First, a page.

Unraveling the mechanism of skin barrier formation
Scientists have identified the gene responsible for generating acylceramide, the key lipid in forming the skin barrier that protects us from pathogens, allergens and other harmful substances. This finding could prove crucial in developing medicines for treating atopic dermatitis and ichthyosis.
Defects of the skin barrier can trigger skin diseases such as atopic dermatitis, which is said to afflict about 10 percent of the population in some developed countries. Acylceramide, a lipid only found in skin, plays a pivotal role in forming this barrier. Although most of the genes needed to generate this special lipid have been recently identified, the gene responsible in the final step to produce acylceramide has been missing. Finding the last piece in the puzzle, therefore, was essential for elucidating the skin barrier's molecular mechanism.
The team led by Professor Akio Kihara at Hokkaido University established a cell system that produces the acylceramide precursor ω-hydroxyceramide and used it to evaluate the activity of several candidate genes to produce acylceramide. The research methodology addressed a long-standing hurdle in experiments using epidermal keratinocytes which caused the inefficiency of gene delivery to the cells. By using other type of cultured cells transfected with the genes required for other steps of acylceramide synthesis, the team has overcome the issue and tested the function of the candidate genes.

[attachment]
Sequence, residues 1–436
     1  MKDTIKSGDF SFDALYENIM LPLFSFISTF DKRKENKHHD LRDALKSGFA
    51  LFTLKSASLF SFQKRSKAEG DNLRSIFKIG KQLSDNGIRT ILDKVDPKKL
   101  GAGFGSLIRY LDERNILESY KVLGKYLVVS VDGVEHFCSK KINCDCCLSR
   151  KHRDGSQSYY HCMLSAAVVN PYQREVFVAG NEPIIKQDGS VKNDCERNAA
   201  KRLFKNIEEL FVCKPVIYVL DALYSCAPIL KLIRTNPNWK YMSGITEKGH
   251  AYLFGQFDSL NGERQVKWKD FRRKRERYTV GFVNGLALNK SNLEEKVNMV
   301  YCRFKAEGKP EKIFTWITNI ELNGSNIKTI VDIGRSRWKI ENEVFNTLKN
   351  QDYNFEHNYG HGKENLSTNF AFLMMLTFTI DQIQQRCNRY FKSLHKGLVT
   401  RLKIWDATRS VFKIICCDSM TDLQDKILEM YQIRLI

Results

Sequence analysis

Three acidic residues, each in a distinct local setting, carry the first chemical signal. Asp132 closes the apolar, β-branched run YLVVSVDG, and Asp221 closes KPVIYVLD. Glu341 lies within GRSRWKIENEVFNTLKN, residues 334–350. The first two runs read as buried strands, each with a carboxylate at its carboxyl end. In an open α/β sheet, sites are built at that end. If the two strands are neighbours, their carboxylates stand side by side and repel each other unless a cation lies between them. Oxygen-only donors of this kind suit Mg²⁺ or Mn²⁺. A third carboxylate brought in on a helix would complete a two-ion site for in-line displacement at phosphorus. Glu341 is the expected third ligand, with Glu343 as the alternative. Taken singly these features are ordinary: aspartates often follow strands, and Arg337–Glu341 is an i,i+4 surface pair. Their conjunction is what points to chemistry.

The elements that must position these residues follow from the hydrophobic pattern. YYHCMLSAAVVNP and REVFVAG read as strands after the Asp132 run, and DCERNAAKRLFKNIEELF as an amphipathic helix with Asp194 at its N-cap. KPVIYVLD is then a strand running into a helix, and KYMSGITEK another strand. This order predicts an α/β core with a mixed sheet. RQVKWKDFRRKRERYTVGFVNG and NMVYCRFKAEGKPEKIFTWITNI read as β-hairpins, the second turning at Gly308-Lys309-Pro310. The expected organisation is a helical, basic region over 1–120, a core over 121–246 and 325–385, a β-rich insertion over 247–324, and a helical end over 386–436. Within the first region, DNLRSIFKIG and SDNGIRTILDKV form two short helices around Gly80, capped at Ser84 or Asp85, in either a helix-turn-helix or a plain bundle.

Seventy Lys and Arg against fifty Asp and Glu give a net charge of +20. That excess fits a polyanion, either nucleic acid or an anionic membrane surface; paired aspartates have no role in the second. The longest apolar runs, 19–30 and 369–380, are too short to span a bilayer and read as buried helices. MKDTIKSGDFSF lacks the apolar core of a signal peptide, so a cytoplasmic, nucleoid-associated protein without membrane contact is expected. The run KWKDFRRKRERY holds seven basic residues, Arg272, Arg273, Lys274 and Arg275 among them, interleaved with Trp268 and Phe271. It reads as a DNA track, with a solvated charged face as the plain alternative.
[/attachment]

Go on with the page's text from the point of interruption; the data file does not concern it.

As a result, the team succeeded in finally identifying the key gene as PNPLA1. The researchers also found evidence that suggests the lipid triglyceride acts as a linoleic acid donor. Furthermore, they discovered that mutant PNPLA1 proteins found in patients with ichthyosis, a serious genetic skin disorder characterized by dry and scaly skin, show reduced or no enzyme activity.
As there is no curative treatment for atopic dermatitis, patients are currently given only symptomatic therapies. No treatment has been established for ichthyosis. "To better treat such patients, it is essential to restore the functions of the skin barrier," says Akio Kihara. "Having unraveled the molecular mechanism of acylceramide synthesis, our study should enable the search for compounds that boost acylceramide synthesis and therefore restore the skin barrier."
This study was conducted as a part of a project under the Advanced Research and Development Programs for Medical Innovation (AMED-CREST) of the Japan Agency for Medical Research and Development.